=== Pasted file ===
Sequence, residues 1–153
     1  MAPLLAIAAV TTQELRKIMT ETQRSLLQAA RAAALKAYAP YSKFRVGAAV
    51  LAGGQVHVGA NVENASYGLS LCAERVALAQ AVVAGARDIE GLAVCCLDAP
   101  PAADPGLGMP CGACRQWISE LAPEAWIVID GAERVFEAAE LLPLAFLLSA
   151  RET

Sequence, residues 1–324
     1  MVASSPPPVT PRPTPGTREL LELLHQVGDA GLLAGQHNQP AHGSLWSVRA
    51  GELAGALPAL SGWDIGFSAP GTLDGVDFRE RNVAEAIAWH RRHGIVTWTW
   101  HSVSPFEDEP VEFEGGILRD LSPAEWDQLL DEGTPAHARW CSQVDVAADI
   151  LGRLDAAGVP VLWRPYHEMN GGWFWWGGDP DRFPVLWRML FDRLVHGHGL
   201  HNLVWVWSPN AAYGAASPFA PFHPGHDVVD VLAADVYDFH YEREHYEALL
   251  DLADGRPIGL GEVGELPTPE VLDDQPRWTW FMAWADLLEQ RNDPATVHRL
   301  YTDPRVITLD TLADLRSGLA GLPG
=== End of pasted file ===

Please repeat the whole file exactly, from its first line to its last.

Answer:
Sequence, residues 1–153
     1  MAPLLAIAAV TTQELRKIMT ETQRSLLQAA RAAALKAYAP YSKFRVGAAV
    51  LAGGQVHVGA NVENASYGLS LCAERVALAQ AVVAGARDIE GLAVCCLDAP
   101  PAADPGLGMP CGACRQWISE LAPEAWIVID GAERVFEAAE LLPLAFLLSA
   151  RET

Sequence, residues 1–324
     1  MVASSPPPVT PRPTPGTREL LELLHQVGDA GLLAGQHNQP AHGSLWSVRA
    51  GELAGALPAL SGWDIGFSAP GTLDGVDFRE RNVAEAIAWH RRHGIVTWTW
   101  HSVSPFEDEP VEFEGGILRD LSPAEWDQLL DEGTPAHARW CSQVDVAADI
   151  LGRLDAAGVP VLWRPYHEMN GGWFWWGGDP DRFPVLWRML FDRLVHGHGL
   201  HNLVWVWSPN AAYGAASPFA PFHPGHDVVD VLAADVYDFH YEREHYEALL
   251  DLADGRPIGL GEVGELPTPE VLDDQPRWTW FMAWADLLEQ RNDPATVHRL
   301  YTDPRVITLD TLADLRSGLA GLPG